The exhibition opened officially last weekend and many, many people came to see the drawings of The Severn (both sides). Thank you to those that came along, and the many others who are popping in as and when they can.
I’m getting some feedback from visitors and several people have told me that the collection creates a relaxing space to sit in and think. I’ve also had some fascinating discussions about the drawings, one with a Chinese woman, who told me that they way I have left white spaces – gaps for the viewers imagination to fall into – is something often found in Chinese paintings. I have some information about this and will read more, but so far it is intriguing:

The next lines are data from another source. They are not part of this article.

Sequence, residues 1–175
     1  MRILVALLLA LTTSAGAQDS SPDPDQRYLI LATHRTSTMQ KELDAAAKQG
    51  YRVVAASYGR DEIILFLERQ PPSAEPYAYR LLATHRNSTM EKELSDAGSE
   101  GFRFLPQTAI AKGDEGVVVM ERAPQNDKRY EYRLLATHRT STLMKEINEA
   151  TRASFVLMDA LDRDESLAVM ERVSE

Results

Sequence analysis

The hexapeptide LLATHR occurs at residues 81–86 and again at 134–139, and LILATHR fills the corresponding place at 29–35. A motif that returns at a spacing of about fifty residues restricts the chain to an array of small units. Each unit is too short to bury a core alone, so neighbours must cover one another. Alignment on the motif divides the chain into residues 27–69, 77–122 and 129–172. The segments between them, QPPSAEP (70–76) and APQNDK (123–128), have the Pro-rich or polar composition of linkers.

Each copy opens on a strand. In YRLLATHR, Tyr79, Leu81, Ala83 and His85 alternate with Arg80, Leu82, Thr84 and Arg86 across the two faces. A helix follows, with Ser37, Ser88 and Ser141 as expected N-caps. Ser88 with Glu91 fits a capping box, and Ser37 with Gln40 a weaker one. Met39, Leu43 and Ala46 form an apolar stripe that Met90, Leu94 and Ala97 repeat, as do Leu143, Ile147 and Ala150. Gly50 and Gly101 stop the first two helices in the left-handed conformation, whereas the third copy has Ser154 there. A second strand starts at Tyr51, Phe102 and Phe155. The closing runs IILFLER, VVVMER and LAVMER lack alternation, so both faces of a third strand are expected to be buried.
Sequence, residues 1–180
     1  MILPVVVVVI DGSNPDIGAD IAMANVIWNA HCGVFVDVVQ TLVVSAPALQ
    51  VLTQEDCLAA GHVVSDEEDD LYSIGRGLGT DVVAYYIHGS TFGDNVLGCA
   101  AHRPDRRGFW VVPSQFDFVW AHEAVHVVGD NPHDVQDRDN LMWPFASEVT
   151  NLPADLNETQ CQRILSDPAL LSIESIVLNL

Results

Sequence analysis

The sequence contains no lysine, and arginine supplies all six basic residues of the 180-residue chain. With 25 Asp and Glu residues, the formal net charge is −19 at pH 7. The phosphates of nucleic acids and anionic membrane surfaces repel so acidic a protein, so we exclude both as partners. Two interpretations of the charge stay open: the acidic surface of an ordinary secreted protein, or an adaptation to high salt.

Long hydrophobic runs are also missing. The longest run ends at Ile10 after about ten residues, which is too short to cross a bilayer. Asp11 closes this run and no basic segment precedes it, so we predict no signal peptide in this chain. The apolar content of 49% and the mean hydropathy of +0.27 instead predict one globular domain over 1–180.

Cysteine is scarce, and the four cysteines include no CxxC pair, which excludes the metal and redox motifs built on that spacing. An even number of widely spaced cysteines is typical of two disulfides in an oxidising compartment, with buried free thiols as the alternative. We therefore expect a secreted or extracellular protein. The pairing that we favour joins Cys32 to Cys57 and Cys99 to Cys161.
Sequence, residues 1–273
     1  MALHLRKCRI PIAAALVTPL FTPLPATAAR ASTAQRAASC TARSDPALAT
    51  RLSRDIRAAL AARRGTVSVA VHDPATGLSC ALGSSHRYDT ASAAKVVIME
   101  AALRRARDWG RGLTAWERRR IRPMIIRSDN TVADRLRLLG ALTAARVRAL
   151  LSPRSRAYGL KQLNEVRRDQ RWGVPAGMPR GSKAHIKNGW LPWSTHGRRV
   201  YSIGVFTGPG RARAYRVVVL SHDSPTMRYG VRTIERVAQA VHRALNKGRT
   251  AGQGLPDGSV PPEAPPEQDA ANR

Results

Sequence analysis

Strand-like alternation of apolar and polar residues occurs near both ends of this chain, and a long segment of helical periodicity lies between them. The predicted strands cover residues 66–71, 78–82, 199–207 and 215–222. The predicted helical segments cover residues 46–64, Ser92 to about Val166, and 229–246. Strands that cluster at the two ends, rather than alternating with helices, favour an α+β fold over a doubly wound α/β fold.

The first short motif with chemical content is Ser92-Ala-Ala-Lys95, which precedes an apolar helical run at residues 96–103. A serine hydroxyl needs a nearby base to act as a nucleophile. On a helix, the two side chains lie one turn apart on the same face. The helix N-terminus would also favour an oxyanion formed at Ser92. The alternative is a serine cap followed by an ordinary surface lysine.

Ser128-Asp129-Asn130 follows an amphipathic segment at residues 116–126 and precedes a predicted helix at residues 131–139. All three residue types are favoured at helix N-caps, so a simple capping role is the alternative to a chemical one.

Enlightenments of “White Space” in Traditional Chinese Painting on Landscape Architecture Design by LI Pengyu, GUO Yifan, LI Yi, ZHU Qi
“White space”, originated from traditional Chinese paintings, refers to the blank in a painting without ink. It later becomes a reserve for expressing ideas for author, and a significant artist processing technique for “virtual” serving the “real”, “non-being” supporting “being”. Philosophically, white space reflects the relationship between “virtual” and “real”, “in-motion” and “in-position”. In paintings, the blank does not mean empty, but is a great pursuit for artistic realm
As someone who has always enjoyed exploring the relationship with the real and the virtual, and how we experience both the world and art, the concept of creating drawings allowing for in-motion and in-position thinking. It is both poetic and pertinent.